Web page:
9 Questions with Bradford Shellhammer,’s Chief Design Officer


Be true to your voice
Invest in your brand
Make something the world needs

That’s how you create a brand that stands out from the pack. Or so says, Bradford Shellhammer, Co-Founder and Chief Design Officer at However, after’s rocket launch success, we think most would agree Bradford knows just a little something about launching a brand that gets noticed. certainly has.

To many, redefined social commerce by tapping into our social voyeurism and allowing us to know not only what our friends’ like, but what they were buying. In doing so, grew a brand known for both its social footprint and for taunting us with fun, innovative designs that we share without ever being asked.

How did change the rules of social business? How does social media and content marketing fit inside the company’s master plan? And, perhaps most exciting, what’s next? We asked Bradford. Hear what he had to say.

Fab Logo JPEG 2 1. Unlike Facebook and Pinterest, Fab lets us buy the things our friend’s fav and like. You changed social commerce by tapping into social voyeurism and friend-to-friend sharing in a capacity other sites haven’t mastered. Did you anticipate the profound effect the Social Feed and social core would have on sales?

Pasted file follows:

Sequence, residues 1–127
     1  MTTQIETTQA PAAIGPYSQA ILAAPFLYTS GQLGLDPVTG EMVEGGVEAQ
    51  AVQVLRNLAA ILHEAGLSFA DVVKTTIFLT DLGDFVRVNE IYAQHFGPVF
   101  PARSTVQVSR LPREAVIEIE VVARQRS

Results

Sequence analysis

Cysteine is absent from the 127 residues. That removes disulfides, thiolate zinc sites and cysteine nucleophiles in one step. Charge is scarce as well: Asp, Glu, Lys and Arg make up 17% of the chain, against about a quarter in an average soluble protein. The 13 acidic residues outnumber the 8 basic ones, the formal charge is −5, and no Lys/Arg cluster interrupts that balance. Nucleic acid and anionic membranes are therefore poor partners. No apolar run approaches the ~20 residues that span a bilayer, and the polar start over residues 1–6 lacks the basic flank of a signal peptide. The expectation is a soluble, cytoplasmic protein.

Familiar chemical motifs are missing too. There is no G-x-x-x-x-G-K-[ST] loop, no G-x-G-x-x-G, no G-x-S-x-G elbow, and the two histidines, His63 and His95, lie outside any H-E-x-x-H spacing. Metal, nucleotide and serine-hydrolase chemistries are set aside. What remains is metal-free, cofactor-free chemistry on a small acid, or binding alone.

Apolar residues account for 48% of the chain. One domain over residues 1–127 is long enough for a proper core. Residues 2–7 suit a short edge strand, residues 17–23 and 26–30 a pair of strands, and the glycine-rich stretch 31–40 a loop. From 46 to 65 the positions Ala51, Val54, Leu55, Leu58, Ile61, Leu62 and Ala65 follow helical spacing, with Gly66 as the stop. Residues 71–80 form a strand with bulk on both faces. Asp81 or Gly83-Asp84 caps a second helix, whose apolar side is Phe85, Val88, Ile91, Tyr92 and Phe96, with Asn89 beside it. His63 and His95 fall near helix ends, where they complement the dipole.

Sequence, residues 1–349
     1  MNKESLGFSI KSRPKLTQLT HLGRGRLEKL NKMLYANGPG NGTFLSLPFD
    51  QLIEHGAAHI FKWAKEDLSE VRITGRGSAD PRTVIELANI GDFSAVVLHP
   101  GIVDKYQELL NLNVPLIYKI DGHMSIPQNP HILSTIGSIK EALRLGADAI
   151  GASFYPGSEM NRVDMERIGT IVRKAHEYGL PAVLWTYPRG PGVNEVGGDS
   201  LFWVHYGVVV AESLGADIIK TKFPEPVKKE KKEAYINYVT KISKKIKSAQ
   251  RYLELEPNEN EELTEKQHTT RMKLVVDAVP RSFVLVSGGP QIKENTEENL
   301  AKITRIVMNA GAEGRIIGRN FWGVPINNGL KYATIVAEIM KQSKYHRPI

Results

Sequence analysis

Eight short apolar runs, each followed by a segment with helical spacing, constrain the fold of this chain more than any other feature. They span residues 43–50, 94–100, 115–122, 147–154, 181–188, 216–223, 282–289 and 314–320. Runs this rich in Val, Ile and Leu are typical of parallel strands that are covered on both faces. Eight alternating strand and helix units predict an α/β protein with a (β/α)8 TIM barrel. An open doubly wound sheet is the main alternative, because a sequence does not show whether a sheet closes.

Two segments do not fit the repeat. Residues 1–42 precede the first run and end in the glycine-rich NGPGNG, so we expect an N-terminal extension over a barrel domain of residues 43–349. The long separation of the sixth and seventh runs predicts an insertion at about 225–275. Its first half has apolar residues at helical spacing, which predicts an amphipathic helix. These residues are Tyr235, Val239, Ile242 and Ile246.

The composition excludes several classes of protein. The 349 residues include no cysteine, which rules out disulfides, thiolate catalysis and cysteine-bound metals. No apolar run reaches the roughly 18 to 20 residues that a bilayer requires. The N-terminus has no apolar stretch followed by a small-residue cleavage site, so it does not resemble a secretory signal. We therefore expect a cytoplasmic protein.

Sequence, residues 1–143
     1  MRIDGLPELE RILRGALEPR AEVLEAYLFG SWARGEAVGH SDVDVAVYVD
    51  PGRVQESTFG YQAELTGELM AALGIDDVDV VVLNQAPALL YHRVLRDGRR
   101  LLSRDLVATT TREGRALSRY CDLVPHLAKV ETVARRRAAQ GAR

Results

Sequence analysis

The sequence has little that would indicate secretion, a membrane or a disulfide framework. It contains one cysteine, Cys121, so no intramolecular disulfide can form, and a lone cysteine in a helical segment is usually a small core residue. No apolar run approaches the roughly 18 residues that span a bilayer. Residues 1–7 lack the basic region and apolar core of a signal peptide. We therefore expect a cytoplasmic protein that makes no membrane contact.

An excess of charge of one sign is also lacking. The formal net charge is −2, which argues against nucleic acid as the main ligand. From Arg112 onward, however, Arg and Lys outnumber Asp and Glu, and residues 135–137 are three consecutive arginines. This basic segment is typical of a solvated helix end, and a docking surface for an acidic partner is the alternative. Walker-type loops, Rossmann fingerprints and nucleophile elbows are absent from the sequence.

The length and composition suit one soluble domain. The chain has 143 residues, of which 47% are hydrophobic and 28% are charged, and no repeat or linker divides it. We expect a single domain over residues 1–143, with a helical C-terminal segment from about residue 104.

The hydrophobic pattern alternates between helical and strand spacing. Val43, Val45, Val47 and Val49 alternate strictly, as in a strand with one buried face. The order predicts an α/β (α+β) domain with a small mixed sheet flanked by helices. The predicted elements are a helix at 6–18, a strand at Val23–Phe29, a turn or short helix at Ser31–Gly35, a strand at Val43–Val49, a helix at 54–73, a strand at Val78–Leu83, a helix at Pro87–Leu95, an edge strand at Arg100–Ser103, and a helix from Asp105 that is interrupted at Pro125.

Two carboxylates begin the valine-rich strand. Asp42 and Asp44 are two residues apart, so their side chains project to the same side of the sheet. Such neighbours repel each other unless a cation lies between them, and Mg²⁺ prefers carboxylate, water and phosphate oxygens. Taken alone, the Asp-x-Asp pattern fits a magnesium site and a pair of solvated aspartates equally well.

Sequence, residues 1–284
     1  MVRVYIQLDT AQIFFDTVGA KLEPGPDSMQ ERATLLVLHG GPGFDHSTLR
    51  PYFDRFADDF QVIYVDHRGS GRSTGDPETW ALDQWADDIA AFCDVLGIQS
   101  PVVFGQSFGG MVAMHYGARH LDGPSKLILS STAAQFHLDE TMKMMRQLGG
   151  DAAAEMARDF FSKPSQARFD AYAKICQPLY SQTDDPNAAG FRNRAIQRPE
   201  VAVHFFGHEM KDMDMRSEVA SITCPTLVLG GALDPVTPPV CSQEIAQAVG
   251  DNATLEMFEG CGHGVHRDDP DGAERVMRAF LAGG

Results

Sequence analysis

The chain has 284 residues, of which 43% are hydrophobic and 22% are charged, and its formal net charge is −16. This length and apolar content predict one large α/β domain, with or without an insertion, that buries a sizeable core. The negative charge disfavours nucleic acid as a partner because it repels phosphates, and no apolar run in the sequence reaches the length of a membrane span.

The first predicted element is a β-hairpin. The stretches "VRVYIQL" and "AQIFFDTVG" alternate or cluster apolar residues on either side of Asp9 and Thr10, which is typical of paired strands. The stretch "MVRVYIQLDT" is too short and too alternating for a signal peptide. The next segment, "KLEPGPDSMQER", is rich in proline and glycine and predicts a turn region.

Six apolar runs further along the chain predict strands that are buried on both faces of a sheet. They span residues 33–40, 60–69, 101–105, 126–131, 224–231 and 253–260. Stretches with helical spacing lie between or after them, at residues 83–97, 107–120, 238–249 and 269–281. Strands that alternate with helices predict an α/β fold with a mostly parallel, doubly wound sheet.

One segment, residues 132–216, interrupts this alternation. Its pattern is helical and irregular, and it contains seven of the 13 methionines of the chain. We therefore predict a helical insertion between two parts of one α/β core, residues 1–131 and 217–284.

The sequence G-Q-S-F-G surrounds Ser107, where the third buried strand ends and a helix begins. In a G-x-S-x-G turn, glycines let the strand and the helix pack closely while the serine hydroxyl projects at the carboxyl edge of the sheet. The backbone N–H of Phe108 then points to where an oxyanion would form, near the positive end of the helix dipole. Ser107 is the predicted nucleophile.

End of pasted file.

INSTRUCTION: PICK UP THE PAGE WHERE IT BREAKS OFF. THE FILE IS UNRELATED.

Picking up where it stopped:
We always knew that we’d be successful if people loved our products and then told their friends. So that’s our goal: to find special, fun, unique products that elicit emotional reactions. If we get that right, people excitedly tell their friends. It’s amazing to see how often people share the things in life that make them happy.

2. Even at the time of the initial rebrand you were playing in a crowded space with tons of competitors. Knowing that, what steps did you take to make Fab stand out and establish a clear brand? What was your goal and what advice would you give to businesses looking to do the same?

From day one we decided to have a personality, which is our brand. It’s bold, in your face, unapologetically inclusive and fun. We’re modern and an alternative to the sameness of the world. Many said in early days that’s too niche, but we think not. Optimism is powerful. Telling designers’ stories is a powerful tactic. And doing good things with good people is powerful. So my advice: be true to your voice, invest in your brand, and make something the world needs.

3. Fab grew fast. What was your strategy and what advice would you give to other online communities looking to get those initial pivotal and influential members? How did you get the site off the ground?

We invested time and effort in marketing Fab in the early days to two key groups: the tech community and the design community, both worlds that trumpet innovation. We got them excited and it grew from there. Those early customers remain loyal.

4. Now that you’re larger, what does that mean for the future of Fab? Will the approach change?

I think the big approach is two-parts: We’re going to work with some of the 15,000 designers we’ve been lucky enough to work with and we’re going to create exclusive Fab products with them. That’s exciting. We’re also going through an internal focus on the customer experience. Moving fast and growing were past focuses. Now we’re looking at one thing: our customer experience from the site function to the box experience to the exchange policies. We’re committing to being the best in the world. And being the best means being the best for our customers. So that will continue to evolve.